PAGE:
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"She can laugh without fear" by Melanie Jean Juneau (CatholicMom.com) Photo via Pixabay (2015), CC0 Public Domain[/caption]
She is clothed with strength and dignity, and she laughs without fear of the future. (Proverbs 31:25)


As a mother of a large family, I slowly discovered that humor, the ability to laugh and not take myself too seriously, was the key to my sanity. If I am self-centered instead of God-centered, everything becomes intense and dramatic. When I take my eyes off myself, my faith, my religious practices, my spiritual "progress," and my sins, and rather look at my Savior, everything comes back into the proper perspective. I am filled with joy, the joy of the Lord. If we allow Divine Love to pierce our hearts, if we receive this Love, even when we are in pain, we can literally laugh in the face of adversity. There are many amusing stories about the saints which illustrate their joy. While on a journey to visit one of her convents,  a donkey dumped St. Teresa of Avila into a stream of freezing cold water.  Standing in her water-logged, heavy habit, she yelled at God,
“If this is how you treat your friends, no wonder you have so few!”
Did you ever wonder how the plain, hard-working, celibate, seventeenth-century Shakers got their name? It is because they shook under the power of God and they danced with joy! One of their dancing songs is 'Tis a Gift to be Simple:
‘Tis the gift to be simple, ’tis the gift to be free ‘Tis the gift to come down where we ought to be, And when we find ourselves in the place just right, ‘Twill be in the valley of love and delight.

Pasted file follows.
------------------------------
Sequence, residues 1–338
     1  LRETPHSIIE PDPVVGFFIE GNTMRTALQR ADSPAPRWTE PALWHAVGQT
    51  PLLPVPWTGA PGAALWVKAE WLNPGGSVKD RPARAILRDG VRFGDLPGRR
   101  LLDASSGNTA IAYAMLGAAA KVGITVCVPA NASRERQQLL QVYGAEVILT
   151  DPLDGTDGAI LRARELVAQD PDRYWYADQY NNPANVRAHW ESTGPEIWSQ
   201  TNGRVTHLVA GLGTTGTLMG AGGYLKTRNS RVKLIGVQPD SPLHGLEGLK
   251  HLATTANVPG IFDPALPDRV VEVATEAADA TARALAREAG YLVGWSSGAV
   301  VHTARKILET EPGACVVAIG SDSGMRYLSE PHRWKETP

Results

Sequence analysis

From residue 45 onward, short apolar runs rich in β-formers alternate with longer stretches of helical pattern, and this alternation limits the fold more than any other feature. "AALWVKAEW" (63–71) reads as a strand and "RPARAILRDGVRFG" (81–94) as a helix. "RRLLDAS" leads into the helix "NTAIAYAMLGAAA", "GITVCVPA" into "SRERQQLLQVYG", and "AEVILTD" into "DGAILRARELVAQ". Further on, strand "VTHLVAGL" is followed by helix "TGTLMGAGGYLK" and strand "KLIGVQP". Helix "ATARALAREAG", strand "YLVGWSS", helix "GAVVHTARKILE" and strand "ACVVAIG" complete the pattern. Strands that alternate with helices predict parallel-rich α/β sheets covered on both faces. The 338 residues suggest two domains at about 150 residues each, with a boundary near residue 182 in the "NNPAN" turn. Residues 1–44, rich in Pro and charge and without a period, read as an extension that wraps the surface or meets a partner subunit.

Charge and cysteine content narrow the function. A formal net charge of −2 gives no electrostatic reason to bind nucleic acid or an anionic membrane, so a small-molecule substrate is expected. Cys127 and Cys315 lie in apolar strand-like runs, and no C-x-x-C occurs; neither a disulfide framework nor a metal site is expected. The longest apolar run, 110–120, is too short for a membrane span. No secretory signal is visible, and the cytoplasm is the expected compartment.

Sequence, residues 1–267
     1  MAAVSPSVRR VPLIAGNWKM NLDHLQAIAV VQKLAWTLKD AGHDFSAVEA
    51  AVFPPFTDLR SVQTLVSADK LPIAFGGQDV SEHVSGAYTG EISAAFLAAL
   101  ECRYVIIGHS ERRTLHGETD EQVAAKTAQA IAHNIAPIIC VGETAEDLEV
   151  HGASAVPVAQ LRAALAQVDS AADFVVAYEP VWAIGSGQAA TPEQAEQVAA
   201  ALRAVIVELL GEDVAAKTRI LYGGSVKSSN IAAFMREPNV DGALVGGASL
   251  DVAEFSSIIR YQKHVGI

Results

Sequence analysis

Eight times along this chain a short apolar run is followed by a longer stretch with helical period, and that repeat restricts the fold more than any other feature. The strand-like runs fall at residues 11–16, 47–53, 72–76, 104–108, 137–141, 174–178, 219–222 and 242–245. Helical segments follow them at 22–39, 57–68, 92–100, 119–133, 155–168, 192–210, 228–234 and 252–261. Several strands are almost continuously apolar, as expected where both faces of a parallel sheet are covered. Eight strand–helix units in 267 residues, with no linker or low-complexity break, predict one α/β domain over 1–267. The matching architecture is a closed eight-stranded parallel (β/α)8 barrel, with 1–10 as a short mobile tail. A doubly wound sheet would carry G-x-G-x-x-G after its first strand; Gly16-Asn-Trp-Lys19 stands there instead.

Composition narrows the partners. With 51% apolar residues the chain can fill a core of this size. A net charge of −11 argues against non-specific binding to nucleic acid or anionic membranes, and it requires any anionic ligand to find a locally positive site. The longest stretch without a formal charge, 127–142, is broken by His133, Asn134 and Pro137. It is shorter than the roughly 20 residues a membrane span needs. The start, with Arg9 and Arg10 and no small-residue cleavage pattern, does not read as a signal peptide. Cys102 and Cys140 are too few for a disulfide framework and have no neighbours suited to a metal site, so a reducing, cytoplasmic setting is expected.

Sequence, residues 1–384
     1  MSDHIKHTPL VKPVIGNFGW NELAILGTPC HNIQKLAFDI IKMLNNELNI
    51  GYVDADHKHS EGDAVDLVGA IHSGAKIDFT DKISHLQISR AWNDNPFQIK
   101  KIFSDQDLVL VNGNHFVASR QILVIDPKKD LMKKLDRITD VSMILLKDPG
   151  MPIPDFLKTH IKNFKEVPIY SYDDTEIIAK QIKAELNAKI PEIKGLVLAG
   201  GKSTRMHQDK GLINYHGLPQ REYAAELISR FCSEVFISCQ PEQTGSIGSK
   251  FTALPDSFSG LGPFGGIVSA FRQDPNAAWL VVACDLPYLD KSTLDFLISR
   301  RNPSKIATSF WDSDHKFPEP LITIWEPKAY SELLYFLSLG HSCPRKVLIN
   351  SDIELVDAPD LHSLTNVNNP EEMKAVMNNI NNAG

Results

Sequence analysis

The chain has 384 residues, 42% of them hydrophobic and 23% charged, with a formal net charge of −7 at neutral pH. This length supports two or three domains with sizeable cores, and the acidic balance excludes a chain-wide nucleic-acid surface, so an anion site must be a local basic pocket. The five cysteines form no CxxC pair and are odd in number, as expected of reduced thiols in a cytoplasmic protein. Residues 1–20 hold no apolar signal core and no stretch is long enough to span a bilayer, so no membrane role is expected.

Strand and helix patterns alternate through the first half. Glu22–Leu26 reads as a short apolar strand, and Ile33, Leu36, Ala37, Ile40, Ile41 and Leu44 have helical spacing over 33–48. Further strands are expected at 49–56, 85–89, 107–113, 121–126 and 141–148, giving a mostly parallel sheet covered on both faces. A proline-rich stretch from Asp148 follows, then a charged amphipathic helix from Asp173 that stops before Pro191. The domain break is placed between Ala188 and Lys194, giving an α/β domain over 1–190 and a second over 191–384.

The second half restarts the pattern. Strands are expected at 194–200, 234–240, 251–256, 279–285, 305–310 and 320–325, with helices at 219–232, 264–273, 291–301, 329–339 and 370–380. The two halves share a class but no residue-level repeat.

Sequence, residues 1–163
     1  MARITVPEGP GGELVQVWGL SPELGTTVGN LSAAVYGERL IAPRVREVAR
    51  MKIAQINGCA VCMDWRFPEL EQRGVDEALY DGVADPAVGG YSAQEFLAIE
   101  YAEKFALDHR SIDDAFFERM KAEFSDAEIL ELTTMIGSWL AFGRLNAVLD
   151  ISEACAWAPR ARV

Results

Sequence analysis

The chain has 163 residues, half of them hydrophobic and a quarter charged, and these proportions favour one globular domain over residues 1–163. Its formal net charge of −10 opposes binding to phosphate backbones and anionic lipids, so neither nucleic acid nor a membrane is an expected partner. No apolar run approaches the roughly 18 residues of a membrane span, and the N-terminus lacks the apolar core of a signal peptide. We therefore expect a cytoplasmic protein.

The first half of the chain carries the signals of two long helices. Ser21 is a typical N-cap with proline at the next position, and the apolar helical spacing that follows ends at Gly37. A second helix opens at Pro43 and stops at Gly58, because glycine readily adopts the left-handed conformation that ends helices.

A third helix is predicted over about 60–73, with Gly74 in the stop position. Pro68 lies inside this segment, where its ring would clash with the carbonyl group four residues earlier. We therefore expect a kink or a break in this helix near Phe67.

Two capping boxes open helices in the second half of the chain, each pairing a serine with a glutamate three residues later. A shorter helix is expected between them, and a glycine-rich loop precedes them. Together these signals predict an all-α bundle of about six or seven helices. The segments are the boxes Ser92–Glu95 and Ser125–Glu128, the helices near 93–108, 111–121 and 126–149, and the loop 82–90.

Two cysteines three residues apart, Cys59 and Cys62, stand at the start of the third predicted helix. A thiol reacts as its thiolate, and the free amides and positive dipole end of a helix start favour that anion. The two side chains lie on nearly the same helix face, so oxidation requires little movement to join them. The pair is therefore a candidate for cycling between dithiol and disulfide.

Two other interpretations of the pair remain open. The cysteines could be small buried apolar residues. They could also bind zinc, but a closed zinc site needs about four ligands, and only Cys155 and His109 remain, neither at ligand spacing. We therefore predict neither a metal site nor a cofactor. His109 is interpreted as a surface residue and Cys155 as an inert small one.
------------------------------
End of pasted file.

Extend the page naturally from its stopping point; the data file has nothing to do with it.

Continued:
No wonder they were persecuted and chased out of Europe; they scandalized staid, proper, miserable Christians. Just like when King David danced before the Lord with complete abandonment. As Catholics, do we look on with scorn when we see anyone who is happy, moving and dancing in the Spirit? Remember how God reacted not only to David but to his wife Michal;
As the ark of the Lord was entering the City of David, Michal, daughter of Saul watched from a window. And when she saw King David leaping and dancing before the Lord, she despised him in her heart. When David returned home to bless his household, Michal, daughter of Saul, came out to meet him and said, “How the king of Israel has distinguished himself today, going around half-naked in full view of the slave girls of his servants as any vulgar fellow would!” David answered his wife, “I will celebrate before the Lord.  I will become even more undignified than this, and I will be humiliated in my own eyes.” (2 Samuel 6:17-22; emphasis mine)
I am willing to wager that almost all religious, faithful Catholics would not model the joyful David but scowl along with his wife Michal at such a scene. Yet joy and the ability to laugh is not just for Pentecostals; it is also for intelligent, sophisticated Catholics. As C.S. Lewis explains,
“Joy is the serious business of heaven.”
Even though icons and holy cards often depict the saints and the entire Holy Family looking miserable and weak with tears streaming down their pale faces, the truth is the saints lived in God’s presence and in His joy. So raise up your eyes to the face of God and laugh. Basically, when we take our eyes off ourselves and look to God, rather than wallowing in our broken emotions we can laugh, while clothed in strength and dignity.
Copyright 2018 Melanie Jean Juneau